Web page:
The record demonstrates that Zicaro had access to a telephone and to telephone books for forty minutes between 1:54 and 2:34 a.m. During that time he was free to call an attorney of his own choosing. Zicaro not only successfully reached two attorneys, but he also consulted with one of them for approximately five to ten minutes. The district court found that the latter consultation took place at around 2:15 a.m., a finding that is consistent with Zicaro's own testimony. Having ended after ten minutes, the consultation would have ended by 2:25 a.m., leaving Zicaro with nine minutes to make further legal inquiries over the telephone before Officer Duzan recorded Zicaro's final refusal. The officer was not required to provide Zicaro with an additional opportunity to consult with an attorney after 2:34 a.m. We therefore conclude that the district court did not err in holding that Zicaro's right to counsel was vindicated.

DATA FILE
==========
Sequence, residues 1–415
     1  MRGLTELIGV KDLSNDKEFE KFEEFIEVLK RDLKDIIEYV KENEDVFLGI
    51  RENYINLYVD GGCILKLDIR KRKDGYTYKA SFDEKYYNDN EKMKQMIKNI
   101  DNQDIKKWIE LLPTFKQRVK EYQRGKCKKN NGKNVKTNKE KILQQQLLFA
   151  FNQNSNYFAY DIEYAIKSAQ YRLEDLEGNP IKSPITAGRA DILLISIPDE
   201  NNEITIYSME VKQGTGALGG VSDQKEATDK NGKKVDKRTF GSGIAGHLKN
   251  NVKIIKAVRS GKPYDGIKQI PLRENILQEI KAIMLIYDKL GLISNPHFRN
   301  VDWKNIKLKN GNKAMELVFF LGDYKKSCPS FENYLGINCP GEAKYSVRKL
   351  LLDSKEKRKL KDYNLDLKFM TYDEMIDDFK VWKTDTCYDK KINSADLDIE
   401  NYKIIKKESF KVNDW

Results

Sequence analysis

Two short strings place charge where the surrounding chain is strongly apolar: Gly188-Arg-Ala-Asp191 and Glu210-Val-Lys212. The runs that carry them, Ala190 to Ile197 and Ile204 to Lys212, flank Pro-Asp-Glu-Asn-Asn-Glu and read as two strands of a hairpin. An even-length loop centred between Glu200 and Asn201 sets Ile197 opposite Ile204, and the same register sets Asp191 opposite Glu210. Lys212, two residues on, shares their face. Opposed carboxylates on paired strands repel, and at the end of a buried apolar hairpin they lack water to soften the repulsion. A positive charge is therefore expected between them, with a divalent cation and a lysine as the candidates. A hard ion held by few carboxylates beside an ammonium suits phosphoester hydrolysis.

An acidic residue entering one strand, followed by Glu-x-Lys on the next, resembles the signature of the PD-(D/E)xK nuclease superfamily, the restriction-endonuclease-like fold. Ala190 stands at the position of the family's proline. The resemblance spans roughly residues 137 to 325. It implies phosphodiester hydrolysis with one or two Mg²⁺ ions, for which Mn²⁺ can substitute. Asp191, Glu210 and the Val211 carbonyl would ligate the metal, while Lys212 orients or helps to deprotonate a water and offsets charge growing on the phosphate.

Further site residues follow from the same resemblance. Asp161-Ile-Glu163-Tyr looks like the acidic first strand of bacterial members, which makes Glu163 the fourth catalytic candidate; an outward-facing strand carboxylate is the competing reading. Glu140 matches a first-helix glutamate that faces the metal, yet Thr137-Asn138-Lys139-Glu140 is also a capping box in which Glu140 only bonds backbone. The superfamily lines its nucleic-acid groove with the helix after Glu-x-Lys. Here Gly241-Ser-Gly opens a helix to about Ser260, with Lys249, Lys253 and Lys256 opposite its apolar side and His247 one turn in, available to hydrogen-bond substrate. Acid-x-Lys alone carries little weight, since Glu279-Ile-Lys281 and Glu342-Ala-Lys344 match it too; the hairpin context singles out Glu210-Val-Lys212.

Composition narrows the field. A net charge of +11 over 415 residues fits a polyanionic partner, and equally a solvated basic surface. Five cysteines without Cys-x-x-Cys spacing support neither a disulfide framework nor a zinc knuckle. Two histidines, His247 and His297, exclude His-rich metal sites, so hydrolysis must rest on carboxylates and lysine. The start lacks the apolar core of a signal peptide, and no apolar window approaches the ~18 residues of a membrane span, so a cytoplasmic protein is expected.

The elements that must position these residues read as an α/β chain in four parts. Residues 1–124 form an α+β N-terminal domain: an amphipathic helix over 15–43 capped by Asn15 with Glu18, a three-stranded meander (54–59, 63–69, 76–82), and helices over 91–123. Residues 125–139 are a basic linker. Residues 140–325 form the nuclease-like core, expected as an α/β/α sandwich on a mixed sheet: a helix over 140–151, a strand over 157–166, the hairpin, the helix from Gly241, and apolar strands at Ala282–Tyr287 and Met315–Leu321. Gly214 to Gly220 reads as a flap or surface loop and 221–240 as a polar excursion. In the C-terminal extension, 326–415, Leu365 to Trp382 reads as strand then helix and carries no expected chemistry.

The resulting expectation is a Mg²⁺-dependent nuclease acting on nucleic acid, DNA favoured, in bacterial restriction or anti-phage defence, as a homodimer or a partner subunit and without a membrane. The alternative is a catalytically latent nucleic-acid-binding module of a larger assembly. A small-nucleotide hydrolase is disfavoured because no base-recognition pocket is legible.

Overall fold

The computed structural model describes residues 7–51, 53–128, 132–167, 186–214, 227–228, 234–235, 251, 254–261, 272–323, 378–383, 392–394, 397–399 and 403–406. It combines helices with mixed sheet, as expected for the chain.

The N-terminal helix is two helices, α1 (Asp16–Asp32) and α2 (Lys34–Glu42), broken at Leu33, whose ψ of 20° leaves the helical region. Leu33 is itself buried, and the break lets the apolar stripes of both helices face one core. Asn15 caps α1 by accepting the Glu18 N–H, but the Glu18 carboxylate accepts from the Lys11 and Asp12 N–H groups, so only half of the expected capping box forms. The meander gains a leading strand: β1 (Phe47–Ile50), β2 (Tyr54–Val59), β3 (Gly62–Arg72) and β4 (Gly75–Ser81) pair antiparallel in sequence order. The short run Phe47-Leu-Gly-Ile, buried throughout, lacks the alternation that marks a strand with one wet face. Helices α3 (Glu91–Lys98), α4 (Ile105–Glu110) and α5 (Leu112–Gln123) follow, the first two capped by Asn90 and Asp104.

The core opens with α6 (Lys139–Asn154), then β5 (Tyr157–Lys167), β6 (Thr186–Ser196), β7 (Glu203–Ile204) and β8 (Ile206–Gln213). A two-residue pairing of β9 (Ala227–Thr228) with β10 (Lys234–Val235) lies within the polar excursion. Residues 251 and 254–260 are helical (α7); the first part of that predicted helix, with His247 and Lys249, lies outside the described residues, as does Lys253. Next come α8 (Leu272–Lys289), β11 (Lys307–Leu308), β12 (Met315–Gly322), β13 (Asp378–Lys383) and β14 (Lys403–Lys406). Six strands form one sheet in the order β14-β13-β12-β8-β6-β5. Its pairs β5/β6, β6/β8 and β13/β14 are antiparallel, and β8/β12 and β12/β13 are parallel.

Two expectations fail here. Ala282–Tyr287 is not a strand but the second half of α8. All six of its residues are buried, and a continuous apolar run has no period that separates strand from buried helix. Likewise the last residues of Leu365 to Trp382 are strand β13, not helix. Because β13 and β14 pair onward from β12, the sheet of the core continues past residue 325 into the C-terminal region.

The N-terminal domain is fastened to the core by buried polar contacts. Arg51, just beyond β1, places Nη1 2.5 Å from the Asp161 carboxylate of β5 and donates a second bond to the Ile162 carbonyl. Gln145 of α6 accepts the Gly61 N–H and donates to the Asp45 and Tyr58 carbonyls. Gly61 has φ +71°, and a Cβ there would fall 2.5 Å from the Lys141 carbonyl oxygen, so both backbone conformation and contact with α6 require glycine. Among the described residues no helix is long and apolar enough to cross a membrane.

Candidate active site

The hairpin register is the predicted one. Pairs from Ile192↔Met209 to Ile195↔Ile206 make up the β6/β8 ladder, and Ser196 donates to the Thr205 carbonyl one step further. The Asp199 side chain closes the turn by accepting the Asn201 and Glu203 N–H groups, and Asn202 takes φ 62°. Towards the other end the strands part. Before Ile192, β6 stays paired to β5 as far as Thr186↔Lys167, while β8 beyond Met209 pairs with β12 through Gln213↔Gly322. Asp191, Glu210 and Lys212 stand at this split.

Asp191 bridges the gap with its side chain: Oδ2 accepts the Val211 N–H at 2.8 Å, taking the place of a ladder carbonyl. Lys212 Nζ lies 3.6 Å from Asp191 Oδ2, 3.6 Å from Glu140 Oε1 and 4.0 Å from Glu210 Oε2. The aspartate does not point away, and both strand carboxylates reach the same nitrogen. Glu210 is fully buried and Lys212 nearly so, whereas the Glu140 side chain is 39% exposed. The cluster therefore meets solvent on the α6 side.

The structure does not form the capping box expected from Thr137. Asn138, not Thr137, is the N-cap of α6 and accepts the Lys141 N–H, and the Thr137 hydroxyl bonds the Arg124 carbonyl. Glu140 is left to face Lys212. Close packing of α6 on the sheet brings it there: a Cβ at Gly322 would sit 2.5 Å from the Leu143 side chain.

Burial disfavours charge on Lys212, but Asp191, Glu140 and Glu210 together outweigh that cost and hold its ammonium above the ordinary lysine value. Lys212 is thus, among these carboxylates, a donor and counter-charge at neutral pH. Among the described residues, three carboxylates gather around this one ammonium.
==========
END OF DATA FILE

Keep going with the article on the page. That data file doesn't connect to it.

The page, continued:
Affirmed.

[ ]1 Zicaro argues that Warrick v. Commissioner of Pub. Safety, 374 N.W.2d 585 (Minn. App. 1985), supports a contrary conclusion. We disagree. Although there we affirmed the district court's rescission of the revocation of a driver's license "[i]n view of the wind and the impaired visibility" on the road at the time of an investigatory stop, the officer in that case did not observe any conduct amounting to "a violation of law." Id. at 586 (officer observed driver subtly weaving within one lane and slightly fluctuating his speed within acceptable limits).